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East River Striper Action
By Rich Johnson

My crew and I were planning and gathering equipment in the early morning chill of a very brisk December day, well before sunrise in the western shadow of Manhattan called Jersey City. Getting ready to shoot an episode of my television show in preparation for the new 2000 season, little did I know at the time I was going to have one of my finest fishing excursions of the 99’ season, surrounded by some of the world’s best known landmarks.

Our guide for the day’s shooting was Capt. Joe Shastay of NY Harbor Sportfishing Charters. Capt. Joe is a Jersey City native and lifetime resident who also works as a city fireman. Joe began his fishing career as a youngster on the docks and piers of Jersey City with his dad using a handline for local species like tomcod, catfish, snappers and stripers. Joe has transformed his knowledge of the local waters into a charter business that carries with it a very high performance record of success for his customers. I found Joe through good friend and world record holder Steve Sloan. Joe specializes in fishing the lower and upper bays of the Hudson River which consists of the areas from the Verrazano Bridge north to the Statue of Liberty and up the Hudson and East rivers to Hell’s Gate.

On today’s trip, our plan was to work our way up the river on the incoming tide and hop scotch our way south on the outgoing tide. These tides and currents are very strong and trying to buck them by going the opposite direction can waste a lot of valuable fishing time. Surrounded by the concrete canyons of Manhattan, “fish on” was the cry heard over and over again as striped bass came over the rail at a torrid pace on Joe’s 25-foot center console, all in the shadow of the United Nations building on the East River. I was literally fishing right on top of the midtown tunnel!

We fished whole bloodworms on a variation of the 3X3 rig. The standard 3X3 is just a phrase for a rig that uses a 3-way swivel with 3-foot of line to the sinker and a 3-foot leader to the baited hook. We varied our rig from two foot off the bottom sinker to sometimes four-foot off the bottom, but the length of line to the baited hook remained constant. We drifted rigged bloodworms along the ridge and edges of the channel bottom, starting just a few yards south of Roosevelt Island in the East River to Uthant Island. This small island is named for the former head of the United Nations Uthant and holds on it channel marker 17.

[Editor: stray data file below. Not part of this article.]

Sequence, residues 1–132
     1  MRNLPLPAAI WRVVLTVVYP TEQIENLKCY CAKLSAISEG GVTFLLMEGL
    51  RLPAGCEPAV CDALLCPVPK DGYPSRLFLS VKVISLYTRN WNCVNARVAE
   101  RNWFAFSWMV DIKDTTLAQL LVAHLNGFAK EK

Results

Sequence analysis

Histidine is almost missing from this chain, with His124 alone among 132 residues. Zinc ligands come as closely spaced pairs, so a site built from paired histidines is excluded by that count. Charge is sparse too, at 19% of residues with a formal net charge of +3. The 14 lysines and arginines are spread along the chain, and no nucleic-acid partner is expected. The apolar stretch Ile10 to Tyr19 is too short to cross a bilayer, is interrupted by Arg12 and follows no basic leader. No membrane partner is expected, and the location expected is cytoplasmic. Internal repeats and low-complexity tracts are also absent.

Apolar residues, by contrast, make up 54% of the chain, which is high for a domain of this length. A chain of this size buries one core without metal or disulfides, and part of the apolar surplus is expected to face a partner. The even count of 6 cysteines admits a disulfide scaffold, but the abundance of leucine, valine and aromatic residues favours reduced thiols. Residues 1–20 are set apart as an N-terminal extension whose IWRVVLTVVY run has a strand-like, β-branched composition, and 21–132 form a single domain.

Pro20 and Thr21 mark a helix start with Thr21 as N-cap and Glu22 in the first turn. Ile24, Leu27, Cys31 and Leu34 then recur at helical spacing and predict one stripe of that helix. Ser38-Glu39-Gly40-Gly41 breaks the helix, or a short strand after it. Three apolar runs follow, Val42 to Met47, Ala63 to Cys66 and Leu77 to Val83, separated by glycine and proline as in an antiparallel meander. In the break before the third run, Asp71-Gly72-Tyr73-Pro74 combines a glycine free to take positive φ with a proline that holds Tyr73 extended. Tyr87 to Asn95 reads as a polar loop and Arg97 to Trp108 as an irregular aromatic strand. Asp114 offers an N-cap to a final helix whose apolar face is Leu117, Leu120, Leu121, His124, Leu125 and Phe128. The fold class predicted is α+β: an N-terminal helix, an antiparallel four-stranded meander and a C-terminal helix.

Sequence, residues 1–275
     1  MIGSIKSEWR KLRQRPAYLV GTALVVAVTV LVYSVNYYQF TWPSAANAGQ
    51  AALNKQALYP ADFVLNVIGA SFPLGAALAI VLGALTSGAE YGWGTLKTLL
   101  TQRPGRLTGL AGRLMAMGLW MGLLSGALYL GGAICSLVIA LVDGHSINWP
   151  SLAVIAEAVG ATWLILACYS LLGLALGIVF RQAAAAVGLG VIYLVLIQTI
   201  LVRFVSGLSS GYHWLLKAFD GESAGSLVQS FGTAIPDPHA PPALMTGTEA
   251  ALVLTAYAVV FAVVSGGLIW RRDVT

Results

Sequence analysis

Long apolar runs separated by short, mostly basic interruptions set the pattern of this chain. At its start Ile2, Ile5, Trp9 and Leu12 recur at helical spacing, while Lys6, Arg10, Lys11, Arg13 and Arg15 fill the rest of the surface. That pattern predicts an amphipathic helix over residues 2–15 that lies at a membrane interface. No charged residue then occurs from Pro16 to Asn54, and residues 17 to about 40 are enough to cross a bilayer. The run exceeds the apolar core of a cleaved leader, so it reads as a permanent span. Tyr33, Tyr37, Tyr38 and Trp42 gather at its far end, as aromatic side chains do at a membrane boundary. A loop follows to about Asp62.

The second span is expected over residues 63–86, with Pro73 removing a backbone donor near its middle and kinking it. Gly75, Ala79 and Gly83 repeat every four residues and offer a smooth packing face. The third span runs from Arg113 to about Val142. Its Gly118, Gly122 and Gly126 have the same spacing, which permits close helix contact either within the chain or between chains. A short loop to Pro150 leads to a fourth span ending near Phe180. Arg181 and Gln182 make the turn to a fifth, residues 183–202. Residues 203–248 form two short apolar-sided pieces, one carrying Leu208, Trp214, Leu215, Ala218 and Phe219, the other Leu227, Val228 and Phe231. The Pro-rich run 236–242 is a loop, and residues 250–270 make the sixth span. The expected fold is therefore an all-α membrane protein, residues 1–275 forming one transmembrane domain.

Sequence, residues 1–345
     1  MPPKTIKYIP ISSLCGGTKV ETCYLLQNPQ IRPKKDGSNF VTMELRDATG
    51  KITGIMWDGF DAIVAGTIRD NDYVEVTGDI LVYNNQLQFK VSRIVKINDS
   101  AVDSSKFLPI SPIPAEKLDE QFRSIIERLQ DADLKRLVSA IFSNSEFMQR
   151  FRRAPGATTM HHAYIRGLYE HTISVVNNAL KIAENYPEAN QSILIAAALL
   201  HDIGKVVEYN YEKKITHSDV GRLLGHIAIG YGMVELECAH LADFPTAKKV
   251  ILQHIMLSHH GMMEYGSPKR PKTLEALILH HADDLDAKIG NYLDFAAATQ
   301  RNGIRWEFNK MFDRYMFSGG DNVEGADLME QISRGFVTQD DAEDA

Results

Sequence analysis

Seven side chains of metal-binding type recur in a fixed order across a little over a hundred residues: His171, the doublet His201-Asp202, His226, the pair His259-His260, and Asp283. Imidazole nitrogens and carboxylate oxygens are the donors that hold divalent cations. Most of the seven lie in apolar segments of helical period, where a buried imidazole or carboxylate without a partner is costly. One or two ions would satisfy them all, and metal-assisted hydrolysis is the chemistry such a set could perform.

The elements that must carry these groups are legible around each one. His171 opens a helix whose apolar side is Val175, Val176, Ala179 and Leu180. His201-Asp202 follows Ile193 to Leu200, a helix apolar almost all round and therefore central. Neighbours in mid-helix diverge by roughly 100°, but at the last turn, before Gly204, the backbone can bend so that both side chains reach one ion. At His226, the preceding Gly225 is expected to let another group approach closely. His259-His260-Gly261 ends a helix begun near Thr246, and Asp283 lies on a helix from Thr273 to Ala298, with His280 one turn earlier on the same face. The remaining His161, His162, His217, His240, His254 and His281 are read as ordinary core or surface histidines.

As with other kinds of striper fishing, we have a chance at very large fish, so your East River Basstackle should reflect this in what you choose to do battle with. There are two schools of thought when fishing the river and how to chose your tackle. There are times where you can get river stripers to take small bucktails and shad baits and for this a seven-foot rod with a smaller conventional reel like a Penn 965 spooled with 14 or 17-pound Silver Tread line is perfect. You can use spinning gear when tossing smaller artificials like this as well and for plugging around the rock pile base of the Statue of Liberty. If you’re drifting bait like we did on our trip, we go heavier and use rods that will handle sinker weights up to 12 ounces. As mentioned earlier, the tides and current of the river are extreme and on a calm day you’ll be fishing with four to eight ounces of lead. Line in this case should be 25 to 40-pound test and of course a good quality line is what we used, again with a seven-foot rod do handle the daily chores.

As tugs and barges passed, seaplanes landed on the half-hour and the Circle Line Cruise ship’s passengers cheered our every catch. It’s amazing how much life these rivers have and how underutilized and underestimated the striped bass fishery is in these rivers. Capt. Joe told of 18-pound bluefish caught this far up the river with July & August the prime months for this action. On my trip, we caught 30 stripers to 31 inches and finished the day fishing right under the Statue of Liberty.

In all my years in New York, I had never been to the Statue before this day and she truly is magnificent, gigantic and an inspiration. Just to gaze up at her and know we have such freedom here in America and that we can fish in such splendor and enjoy the view of such landmarks was awe-inspiring. Closing our trip, I gazed back at the Manhattan skyline and wondered if all the people working in the World Trade Center towering over us, visiting the Statue, or working on world problems in the United Nations Building knew just how good the fishing was right outside their windows? If they did, I’m sure they would have changed places with me in a heartbeat, because I had a trip to remember for a lifetime!


Copyright May 6, 1995-2020 The Fishing Line

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